Are you a Perfect Christian?

Perfect Christian?  I don’t think so!

I read a very interesting article by Demetria L. Lucas  on the Grio this week posing  the question, “Is the Pressure to be perfect Christians undermining the Church?

Demetria’s article noted several examples of high celebrity profiles who were bashed for claiming their rights to Christianity because church folk questioned their lifestyle.

A highlighted example included  Kandi Burruss  going gospel at the same time promoting sex toys.  In other words, how can she proclaim herself as being a Christian yet still acting worldly.

Well, my take on this conversation is that if we were to keep it real, we all stuggle every day with trying to live like Christians in a secular  world.  Yes,  Kandi sells sex toys, but that doesn’t mean that Kandi is not a Christian?  Maybe still young in her own personal walk with God and maybe,  still a babe in Christ, Kandi is a Christian, point blank period.

I am sure that you will agree we all know Christian women in our churches who buy sex toys, Let’s just keep it real yall!

By the way, who are we to judge. God did not put us on earth to judge Kandi or her behavior.  God  put us on this earth to meet Kandi where she is and lift her up to become an empowered disciple  that would use her tests in life to become a testamony to someone else as they try  turn their lives over to Christ and begin to live as a  Christian in a secular world.

So I guess I would have to answer the author’s question by saying yes, Christian Church people will turn young Babes in Christ  away from wanting to be a part of organized church.  Keeping it real, the organized church can sometimes make a babe in Christ feel as if  they have been thrown in a den of wolves at the same time, they are struggling with their own demons.

Read the story then shoot me your thoughts!

By:  Demetria L. Lucas

“You’re a Christian, right?” a friend asked me recently.

Years ago, I would have given a knee-jerk, “Of course!” However these days, I find myself offering a long explanation, one that lays out my internal conflict with claiming Christianity without sounding like Judas.

I believe in God, pray multiple times daily — for myself and others, and the world at large. I read The Bible occasionally. I work out to a various selection of gospel songs, mostly classics that I was raised listening to or sang—a long time ago — in a church choir. I actually think, “what would Jesus do?” when I debate doing something that I have no business doing. I actively try to correct negative on-goings in my head, because I honestly believe God knows my thoughts. But I intentionally don’t go to church anymore and I’ve actively stopped referring to myself as a “Christian.”

Somewhere along the way, it seems that to some — certainly not all — Christians being Christian became synonymous with being perfect. Last week, Real Housewives of Atlanta co-star Kandi Burruss released her first gospel single, “Stay Prayed Up” featuring gospel great Marvin Sapp and was swiftly derided by other Christians for what they deemed her un-Christian-like ways, including a sex toy business, a racy radio show and speaking openly about having sex with her live-in fiancé. “I knew when I decided to do it that I would be criticized,” Burruss wrote on Instagram. “I believe in God but I have always struggled with the rules of the church, just like a lot of people.”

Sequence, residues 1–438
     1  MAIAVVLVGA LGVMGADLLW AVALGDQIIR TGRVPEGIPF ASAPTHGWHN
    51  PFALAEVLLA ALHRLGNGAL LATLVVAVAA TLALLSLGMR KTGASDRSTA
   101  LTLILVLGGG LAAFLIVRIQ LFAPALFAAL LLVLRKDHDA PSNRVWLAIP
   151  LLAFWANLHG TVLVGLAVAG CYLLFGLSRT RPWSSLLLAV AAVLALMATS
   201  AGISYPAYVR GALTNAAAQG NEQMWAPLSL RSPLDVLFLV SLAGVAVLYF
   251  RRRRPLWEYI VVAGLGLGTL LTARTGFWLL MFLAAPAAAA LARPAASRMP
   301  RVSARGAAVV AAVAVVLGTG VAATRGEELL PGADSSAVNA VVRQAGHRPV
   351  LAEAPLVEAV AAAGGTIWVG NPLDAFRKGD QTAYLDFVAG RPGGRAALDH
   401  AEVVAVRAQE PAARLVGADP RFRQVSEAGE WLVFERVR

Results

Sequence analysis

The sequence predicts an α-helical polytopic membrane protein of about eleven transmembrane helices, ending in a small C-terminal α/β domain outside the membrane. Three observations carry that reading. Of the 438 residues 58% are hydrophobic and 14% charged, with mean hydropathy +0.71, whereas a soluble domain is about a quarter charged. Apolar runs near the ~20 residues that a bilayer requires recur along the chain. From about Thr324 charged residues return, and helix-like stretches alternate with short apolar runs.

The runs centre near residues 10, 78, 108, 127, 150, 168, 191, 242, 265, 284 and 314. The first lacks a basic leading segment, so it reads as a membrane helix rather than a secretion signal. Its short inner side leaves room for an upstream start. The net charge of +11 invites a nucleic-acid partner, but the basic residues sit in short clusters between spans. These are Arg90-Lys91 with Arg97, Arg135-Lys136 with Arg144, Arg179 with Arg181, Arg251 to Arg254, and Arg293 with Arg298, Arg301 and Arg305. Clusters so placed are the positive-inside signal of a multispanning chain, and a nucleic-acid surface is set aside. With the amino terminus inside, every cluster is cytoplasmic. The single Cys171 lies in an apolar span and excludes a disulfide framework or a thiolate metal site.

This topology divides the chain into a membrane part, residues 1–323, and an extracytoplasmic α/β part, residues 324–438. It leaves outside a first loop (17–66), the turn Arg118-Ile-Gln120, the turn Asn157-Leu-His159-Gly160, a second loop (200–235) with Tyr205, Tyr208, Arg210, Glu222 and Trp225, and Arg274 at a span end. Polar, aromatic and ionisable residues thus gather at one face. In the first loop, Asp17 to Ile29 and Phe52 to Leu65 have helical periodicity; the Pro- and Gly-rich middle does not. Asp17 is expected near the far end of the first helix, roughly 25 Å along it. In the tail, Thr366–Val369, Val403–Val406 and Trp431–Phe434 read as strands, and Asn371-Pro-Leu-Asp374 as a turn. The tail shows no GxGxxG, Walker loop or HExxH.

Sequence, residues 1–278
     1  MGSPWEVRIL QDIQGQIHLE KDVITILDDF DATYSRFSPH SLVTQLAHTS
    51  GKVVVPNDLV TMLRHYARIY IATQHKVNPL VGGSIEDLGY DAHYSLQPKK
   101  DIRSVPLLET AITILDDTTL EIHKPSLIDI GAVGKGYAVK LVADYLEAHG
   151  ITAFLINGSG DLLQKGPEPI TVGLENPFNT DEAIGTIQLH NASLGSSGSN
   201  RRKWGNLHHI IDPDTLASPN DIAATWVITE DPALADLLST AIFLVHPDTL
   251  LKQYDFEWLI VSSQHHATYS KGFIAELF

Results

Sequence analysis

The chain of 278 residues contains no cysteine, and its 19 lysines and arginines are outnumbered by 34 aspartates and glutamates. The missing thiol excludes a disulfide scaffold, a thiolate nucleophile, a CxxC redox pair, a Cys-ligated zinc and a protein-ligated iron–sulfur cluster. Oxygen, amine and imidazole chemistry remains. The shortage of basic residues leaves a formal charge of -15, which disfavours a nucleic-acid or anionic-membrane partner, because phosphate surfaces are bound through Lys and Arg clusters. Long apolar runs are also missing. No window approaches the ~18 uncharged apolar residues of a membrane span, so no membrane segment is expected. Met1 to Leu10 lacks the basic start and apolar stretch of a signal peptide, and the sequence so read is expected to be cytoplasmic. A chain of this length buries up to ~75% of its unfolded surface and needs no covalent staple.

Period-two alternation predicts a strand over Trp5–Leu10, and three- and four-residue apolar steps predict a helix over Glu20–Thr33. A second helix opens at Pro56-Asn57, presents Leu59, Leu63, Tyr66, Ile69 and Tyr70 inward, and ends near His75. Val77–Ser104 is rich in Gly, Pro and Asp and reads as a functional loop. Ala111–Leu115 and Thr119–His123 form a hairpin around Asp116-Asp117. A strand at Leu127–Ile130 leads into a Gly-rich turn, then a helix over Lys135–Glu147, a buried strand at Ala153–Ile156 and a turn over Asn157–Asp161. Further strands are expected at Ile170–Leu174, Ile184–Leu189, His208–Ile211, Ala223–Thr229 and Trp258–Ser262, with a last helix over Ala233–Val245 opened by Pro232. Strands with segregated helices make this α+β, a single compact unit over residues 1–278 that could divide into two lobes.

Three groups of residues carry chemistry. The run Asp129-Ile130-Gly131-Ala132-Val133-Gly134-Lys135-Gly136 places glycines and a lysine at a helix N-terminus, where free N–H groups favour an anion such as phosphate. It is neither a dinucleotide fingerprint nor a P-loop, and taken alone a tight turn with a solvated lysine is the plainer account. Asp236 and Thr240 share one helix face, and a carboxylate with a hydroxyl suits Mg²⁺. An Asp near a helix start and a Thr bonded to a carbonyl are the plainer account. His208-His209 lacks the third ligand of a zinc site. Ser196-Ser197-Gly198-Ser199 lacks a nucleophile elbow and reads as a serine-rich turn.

That same week, NBA player Dwight Howard, also a self-described Christian, took a few verbal jabs for declaring he wanted to “raise the name of God within the league and throughout the world.” Howard isrumored to have as many as five children out-of-wedlock by as many women. Tracey Edmonds, who was once accused of being a mistress of ex- NFL star Deon Saunders (an allegation she swiftly denied), also raised a few eyebrows when she recently announced she would launch a TV network “with Christian values.”

I’m not here to debate whether Burruss or Edmond or Howard are good-Christians or pick apart their alleged shortcomings. Frankly, I have too many of my own to concentrate on rather than harping on those of others. Still, I would like to suggest that people who aren’t perfect should not be derided for professing Christianity. The pressures of being a “perfect” Christian are more likely to turn people away from God than to bring people who are faulty, flawed and trying anyway into the fold. Anybody who has tried to walk with God knows it’s a rocky path where folks fall and stumble all the time. If ministers,pastors and popes —  the appointed leaders of Team Christian (after God, of course) — can waiver on the terrain, then certainly their followers can get some extra rope as well.

And it’s not like Christianity doesn’t need the shout out from younger, relevant self-professed Christians.  A 2011 Hartford Seminary study on America’s churches found that not only was attendance at Christian churches down across the board, but the pews were increasingly “grey”, i.e., the younger people, me included, have gone missing. However, it does seem like they are listening. Despite all the hoopla, Burruss’s single shot to the number one spot on iTunes’ gospel chart.

If Christians want to maintain relevance among the younger set, it would be helpful if those with holier-than-thou attitudes stopped alienating other flawed members of the flock. It doesn’t make Christians appear more righteous or more perfect; it just serves to silence imperfect people who want to avoid judgment and drives well-intentioned, but flawed sinners away from the church.

Demetria L. Lucas is the author of “A Belle in Brooklyn: The Go-to Girl for Advice on Living Your Best Single Life” (Atria), in stores now. Follow her on Twitter @abelleinbk